What Is A Rainforest?

According to National Geographic:

"A rain forest is simply an area of tall, mostly evergreen trees and a high amount of rainfall"

However, this is quite some simplification.  For instance, London, which has around half a metre of rain per year is very lush, but Sydney, which has nearly double this, can be very dry at times. So, what is the difference?

It's Not What You Do, It's How You Use It!

London, has a much colder climate than Sydney. This affects a variable called evaporation rate. A colder climate you see, will be able to put it's rainfall totals to better use, since less of it will evaporate. 

This means that your rain goes a lot further. But how does this affect rainforests?

Generally, it is better to say that a true rainforest is not simply a region of high rainfall, as National Geographic puts it. Instead, it would be better to say that a rainforest exists in an area where total rainfall approaches, or exceeds, the evaporation rate. For instance, although the Poles are not exactly rainforests, in fact they have very little vegetation, they are covered in water, be it ice or liquid. This is because the evaporation is so low in those frigid climes, that even a little precipitation is sufficient to exceed what escapes back into the atmosphere. But how does the arctic affect rainforests?

Rainforests have somewhat of the same principle, it's just that rainfall, and evaporation rates are much higher. Rainforests may have 2 metres(2000mm) of rain per year, and the evaporation may be around the same figure. This means that the ground will generally be moist enough for seeds to germinate, and for plants and trees to grow, without the constraints that droughts, dry monsoons, or mediterranean climates engender.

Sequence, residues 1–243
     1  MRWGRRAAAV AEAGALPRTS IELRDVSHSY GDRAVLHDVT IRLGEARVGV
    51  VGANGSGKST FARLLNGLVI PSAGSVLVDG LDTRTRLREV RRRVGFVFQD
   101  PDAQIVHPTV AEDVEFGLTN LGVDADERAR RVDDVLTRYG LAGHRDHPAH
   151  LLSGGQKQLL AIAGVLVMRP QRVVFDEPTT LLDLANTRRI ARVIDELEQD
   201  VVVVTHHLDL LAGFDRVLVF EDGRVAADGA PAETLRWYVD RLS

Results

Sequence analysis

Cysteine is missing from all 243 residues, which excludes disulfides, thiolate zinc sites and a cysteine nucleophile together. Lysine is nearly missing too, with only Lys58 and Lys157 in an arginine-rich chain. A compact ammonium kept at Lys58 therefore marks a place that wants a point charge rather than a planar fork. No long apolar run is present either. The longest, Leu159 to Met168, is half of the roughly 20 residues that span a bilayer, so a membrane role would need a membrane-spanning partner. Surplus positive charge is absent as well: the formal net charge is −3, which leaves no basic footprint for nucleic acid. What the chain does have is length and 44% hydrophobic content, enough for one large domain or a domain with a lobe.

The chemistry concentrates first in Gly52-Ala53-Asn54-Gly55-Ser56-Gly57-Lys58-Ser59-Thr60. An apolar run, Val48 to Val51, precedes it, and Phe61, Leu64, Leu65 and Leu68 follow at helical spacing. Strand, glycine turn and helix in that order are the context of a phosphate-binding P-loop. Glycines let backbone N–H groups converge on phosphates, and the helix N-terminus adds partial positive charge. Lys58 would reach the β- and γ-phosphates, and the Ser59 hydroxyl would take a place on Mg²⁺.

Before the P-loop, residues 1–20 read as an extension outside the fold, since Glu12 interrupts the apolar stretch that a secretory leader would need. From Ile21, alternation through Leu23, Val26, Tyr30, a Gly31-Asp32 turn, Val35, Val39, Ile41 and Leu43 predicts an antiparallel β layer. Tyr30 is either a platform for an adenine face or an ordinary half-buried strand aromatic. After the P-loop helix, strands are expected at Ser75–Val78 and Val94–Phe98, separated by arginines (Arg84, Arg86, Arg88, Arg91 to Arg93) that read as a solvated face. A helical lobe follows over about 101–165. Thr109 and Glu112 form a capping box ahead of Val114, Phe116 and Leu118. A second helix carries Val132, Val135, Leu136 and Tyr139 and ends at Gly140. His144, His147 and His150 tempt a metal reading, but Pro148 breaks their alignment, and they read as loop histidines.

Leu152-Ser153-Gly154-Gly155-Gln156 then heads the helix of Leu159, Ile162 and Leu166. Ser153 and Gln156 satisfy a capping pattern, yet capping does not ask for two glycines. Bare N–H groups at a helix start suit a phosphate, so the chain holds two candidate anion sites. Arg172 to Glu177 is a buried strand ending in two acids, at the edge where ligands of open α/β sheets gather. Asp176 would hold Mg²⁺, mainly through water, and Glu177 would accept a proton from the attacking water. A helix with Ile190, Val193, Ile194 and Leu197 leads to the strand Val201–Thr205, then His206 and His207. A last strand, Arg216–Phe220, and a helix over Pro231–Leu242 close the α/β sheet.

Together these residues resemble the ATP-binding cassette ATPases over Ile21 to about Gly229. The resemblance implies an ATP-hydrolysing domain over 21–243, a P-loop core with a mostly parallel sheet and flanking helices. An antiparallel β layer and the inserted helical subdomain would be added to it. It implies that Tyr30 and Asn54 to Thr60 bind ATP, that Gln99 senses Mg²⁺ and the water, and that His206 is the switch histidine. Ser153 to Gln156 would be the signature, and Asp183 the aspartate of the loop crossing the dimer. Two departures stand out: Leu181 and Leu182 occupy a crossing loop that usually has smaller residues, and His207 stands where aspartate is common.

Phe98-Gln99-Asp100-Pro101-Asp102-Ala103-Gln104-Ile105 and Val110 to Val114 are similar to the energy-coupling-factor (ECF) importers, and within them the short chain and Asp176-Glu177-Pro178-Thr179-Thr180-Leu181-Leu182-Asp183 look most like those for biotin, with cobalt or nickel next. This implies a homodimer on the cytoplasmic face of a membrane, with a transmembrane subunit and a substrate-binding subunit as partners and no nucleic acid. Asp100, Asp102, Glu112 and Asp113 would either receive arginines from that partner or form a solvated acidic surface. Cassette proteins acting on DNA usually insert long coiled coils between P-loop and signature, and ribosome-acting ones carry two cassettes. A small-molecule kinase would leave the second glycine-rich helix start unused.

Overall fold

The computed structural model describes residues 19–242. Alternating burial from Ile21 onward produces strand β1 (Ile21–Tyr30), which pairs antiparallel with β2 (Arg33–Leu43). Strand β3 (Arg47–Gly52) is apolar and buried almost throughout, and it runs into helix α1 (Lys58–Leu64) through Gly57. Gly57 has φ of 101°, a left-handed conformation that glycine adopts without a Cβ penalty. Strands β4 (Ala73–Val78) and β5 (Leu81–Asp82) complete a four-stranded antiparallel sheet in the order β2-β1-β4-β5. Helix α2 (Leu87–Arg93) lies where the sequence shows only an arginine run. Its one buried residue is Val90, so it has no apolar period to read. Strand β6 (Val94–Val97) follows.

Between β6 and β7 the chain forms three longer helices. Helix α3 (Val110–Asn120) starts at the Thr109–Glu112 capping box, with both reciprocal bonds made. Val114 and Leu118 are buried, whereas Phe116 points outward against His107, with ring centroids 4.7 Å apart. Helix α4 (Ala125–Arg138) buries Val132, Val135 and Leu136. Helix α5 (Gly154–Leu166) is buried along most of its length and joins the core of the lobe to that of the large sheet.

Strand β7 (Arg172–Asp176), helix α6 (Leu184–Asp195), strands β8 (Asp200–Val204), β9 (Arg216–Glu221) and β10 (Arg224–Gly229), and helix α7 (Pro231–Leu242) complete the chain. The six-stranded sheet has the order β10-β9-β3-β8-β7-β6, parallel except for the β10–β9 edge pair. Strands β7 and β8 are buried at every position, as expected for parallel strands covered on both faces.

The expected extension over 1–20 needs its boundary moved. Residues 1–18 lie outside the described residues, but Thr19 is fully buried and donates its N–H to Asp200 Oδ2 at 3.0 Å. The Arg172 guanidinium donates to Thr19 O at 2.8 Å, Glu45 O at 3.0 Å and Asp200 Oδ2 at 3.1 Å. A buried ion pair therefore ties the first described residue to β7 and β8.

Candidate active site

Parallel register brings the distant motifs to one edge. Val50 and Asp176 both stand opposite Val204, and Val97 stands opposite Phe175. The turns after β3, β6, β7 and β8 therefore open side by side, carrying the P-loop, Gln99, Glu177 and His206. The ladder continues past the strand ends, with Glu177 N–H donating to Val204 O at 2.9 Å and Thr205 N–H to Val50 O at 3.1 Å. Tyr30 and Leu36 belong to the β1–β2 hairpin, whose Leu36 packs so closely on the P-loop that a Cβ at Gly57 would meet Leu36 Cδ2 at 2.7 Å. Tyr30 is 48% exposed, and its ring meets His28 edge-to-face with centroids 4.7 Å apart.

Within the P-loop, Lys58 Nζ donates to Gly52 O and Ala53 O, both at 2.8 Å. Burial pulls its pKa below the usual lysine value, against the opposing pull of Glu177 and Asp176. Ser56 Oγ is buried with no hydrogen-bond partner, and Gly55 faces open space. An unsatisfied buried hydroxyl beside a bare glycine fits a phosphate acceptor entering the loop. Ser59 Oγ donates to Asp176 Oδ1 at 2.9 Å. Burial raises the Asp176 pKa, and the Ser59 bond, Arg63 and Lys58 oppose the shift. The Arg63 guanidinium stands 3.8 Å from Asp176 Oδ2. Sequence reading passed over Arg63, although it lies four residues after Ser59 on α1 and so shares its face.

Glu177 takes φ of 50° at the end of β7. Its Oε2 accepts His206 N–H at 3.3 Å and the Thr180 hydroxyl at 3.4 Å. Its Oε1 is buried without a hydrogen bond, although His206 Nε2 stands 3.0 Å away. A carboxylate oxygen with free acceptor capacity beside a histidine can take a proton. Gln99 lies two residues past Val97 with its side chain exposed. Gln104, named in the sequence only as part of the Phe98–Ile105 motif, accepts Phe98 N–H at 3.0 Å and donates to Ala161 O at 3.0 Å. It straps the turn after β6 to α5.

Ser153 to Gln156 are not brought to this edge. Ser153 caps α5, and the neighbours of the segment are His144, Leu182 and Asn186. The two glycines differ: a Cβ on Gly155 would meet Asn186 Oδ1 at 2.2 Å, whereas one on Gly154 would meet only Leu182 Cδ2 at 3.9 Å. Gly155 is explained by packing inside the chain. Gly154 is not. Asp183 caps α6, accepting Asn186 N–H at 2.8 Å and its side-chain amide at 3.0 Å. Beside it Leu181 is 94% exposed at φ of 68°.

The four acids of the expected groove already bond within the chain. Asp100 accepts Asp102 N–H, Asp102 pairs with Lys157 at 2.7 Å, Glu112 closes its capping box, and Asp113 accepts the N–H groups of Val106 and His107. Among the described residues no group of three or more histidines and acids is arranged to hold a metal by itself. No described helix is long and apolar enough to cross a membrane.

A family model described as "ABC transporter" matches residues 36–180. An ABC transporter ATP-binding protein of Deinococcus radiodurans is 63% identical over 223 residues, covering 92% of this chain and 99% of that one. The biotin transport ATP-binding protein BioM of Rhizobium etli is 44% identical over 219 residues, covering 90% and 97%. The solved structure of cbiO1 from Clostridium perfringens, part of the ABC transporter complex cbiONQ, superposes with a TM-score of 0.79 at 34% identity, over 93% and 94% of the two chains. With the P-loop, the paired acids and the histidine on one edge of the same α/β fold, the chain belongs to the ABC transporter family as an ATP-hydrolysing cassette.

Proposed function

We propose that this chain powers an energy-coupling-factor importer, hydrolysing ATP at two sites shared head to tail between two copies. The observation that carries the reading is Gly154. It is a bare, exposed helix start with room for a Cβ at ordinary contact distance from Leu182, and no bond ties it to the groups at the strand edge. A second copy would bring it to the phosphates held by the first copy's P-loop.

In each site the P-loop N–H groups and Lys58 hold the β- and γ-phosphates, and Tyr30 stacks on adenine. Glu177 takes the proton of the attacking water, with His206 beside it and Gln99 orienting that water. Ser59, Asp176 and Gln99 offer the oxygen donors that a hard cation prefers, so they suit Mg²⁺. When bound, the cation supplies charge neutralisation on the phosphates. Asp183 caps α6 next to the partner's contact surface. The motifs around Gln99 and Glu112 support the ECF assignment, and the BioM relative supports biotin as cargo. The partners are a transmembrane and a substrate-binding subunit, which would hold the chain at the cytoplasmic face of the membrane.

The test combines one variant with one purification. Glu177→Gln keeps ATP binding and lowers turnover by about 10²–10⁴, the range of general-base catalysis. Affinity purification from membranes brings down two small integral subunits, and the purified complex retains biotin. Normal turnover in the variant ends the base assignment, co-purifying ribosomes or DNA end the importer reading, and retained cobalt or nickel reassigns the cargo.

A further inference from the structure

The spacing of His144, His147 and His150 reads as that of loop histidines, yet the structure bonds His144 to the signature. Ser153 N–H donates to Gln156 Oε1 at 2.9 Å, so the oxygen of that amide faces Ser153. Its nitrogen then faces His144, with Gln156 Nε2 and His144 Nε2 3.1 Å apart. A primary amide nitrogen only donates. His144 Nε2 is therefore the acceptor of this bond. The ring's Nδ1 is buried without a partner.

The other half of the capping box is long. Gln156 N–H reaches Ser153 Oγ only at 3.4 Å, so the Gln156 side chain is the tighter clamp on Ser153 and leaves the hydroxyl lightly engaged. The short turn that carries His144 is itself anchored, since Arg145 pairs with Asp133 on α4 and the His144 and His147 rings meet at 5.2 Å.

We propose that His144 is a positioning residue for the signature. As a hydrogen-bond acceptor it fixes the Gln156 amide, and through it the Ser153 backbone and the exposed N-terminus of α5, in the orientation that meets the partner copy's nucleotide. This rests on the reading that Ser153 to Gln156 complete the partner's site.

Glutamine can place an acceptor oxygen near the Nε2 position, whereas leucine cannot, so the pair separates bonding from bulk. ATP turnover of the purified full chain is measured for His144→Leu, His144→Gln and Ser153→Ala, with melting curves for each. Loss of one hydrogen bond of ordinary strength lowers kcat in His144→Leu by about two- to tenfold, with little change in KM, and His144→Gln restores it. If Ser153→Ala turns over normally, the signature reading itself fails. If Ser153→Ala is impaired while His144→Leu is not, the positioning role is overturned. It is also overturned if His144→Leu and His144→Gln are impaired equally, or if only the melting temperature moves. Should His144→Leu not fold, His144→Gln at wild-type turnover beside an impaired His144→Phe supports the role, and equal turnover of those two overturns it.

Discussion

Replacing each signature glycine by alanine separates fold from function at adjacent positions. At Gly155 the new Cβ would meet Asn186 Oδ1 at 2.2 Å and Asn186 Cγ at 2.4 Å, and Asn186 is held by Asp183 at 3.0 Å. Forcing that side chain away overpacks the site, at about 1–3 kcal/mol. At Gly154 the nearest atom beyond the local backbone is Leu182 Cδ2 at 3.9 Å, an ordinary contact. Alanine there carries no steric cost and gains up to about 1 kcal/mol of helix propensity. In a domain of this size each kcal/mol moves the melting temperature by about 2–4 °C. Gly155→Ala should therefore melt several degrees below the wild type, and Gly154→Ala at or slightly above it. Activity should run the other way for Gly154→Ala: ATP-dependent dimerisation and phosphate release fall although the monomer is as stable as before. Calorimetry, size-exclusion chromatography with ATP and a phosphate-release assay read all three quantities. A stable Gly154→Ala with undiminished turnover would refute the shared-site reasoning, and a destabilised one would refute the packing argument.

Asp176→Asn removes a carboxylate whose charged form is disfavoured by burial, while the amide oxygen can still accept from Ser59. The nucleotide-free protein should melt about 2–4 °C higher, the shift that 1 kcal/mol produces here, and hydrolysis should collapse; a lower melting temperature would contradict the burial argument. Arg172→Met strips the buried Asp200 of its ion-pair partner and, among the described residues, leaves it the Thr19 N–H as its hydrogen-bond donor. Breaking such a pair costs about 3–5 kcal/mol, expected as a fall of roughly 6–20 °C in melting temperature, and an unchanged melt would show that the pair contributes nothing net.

So, rather than say that a rainforest is an area of high rainfall, it is better to say that a rainforest has sufficient precipitation at any time to allow plant growth to continue unhindered.

What Percentage Of The World Is Rainforest?

When we say Rainforest, we often evoke thoughts of jungles. However, tropical jungles are less common generally, than temperate rainforests. The reason is that again, because the evaporation is so high in these regions, rainfall must be equally voluminous, which of course, is not easy to achieve.

There are tropical rainforests, or jungles..think the Amazon, or the Daintree. However, with the Daintree, it forms part of Australia's rainforests that make up less than 1% of the area of Australia. The Amazon is also shrinking rapidly due to human exploitation.

Tropical Rainforests form less than 1% of Australia's landmass

When it comes to temperate rainforests, not only do they require less rainfall, but they are often the result of prevailing weather systems that are regular in frequency.

Anyone, for instance, who lives in London, will know that Atlantic low pressure rain systems come all too regularly. They are an extension of a weather system that encircles the globe. And, whilst there can be interruptions, the rainfall is generally reliable.

Tropical rainforests rely on diurnal rain storms, and monsoons. The monsoon, for example, can be fairly regular. However, it can also be affected strongly by issues such as deforestation. As an example, the Sahara desert is rumoured to expand it's borders by a mile a year. The reason? Deforestation removes topsoil, preventing plants from growing. The drier air resulting from less vegetation is insufficient to drive the tropical weather systems necessary to produce rainfall.

So, with all of these factors influencing the ability of rainforests to grow, it is no wonder that rainforests are by far, a very small percentage of the occupants of the Earth's landmass.

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